May 17, 2023
One glaring disagreement among state courts involves former corporate directors' right to access documents they possessed when they served as directors. Common sense might lead one to think that directors enjoyed access when they were loyally serving a corporation, but should be denied access if they become adverse to that corporation.
In Hyde Park Venture v. FairXchange, LLC, C.A. No. 2022-0344-JTL, 2023 Del. Ch. LEXIS 59 (Del. Ch. Mar. 9, 2023), the Delaware Court of Chancery strenuously defended Delaware's longstanding contrary view. After noting that "[s]ince 1987, Delaware law has treated the corporation and the members of its board of directors as joint clients for purposes of privileged material created during a director's tenure," the court found that "the corporation cannot invoke the privilege against the investor [which had appointed a director who "monitor[ed] corporate performance," and who as "a human has only one brain"] for materials created during the director's" tenure. Id. at *3-4. The court then described "[t]hree recognized methods . . . by which a corporation can alter these default rules": (1) by contract, "through a confidentiality agreement"; (2) by forming a board committee "that excludes the director"; or (3) by the corporation "put[ting] the director on notice of [the] fact" that "a sufficient adversity of interests has arisen." Id. at *4.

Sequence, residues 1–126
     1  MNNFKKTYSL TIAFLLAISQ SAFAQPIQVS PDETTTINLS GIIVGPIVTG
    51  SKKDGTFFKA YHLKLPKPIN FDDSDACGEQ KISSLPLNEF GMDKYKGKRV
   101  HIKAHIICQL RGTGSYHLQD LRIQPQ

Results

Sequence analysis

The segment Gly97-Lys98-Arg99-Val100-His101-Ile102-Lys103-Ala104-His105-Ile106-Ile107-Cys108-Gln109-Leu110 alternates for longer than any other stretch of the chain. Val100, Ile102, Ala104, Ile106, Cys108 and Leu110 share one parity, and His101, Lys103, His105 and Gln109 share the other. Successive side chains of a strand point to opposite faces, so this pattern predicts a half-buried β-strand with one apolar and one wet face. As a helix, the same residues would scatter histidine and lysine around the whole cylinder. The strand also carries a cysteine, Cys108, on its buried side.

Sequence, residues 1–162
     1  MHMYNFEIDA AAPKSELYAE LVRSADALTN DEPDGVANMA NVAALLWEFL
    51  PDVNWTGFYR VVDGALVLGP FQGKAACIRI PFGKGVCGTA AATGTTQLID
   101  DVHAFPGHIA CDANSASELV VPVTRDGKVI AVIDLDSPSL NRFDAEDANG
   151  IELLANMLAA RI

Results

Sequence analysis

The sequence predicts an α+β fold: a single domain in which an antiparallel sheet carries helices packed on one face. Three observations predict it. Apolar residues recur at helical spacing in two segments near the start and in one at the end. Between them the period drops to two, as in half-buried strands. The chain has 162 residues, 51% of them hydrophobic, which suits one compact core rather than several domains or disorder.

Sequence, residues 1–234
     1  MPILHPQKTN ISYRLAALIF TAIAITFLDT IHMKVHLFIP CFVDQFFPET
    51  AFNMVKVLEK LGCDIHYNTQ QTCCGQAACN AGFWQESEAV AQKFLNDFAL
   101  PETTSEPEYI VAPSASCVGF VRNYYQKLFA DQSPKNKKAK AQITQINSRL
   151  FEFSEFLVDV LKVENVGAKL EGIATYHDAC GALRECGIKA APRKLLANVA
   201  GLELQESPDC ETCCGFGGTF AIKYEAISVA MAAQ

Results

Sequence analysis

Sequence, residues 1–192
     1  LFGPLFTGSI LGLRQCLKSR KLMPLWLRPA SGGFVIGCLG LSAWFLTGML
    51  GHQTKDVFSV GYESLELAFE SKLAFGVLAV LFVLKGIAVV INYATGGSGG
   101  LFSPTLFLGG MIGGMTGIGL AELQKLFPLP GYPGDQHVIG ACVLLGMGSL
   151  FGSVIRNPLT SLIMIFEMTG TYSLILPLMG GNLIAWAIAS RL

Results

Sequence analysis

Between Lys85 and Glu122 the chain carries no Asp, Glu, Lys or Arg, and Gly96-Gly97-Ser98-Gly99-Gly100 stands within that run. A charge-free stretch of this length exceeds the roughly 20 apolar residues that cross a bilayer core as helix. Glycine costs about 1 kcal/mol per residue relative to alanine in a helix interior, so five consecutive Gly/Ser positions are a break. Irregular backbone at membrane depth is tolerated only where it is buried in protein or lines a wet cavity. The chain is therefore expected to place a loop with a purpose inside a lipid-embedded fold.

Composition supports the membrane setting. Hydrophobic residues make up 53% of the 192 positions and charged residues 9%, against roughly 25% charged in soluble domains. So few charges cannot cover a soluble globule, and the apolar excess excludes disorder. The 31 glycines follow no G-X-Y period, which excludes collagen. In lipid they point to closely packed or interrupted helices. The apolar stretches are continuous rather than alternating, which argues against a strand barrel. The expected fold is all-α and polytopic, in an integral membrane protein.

The Delaware Chancery Court acknowledged that federal court decisions and the prestigious Restatement (Third) of the Law Governing Lawyers (Am. L. Inst. 2000) take a different view — which the court candidly conceded was "the majority rule." Id. at *57 & n.8. This discovery-related distinction rests on the difference between Delaware's and most other states' fundamental disagreement about the nature of a corporate client's identity — whether directors are a corporation's lawyer's joint client or merely agents of the corporate entity client.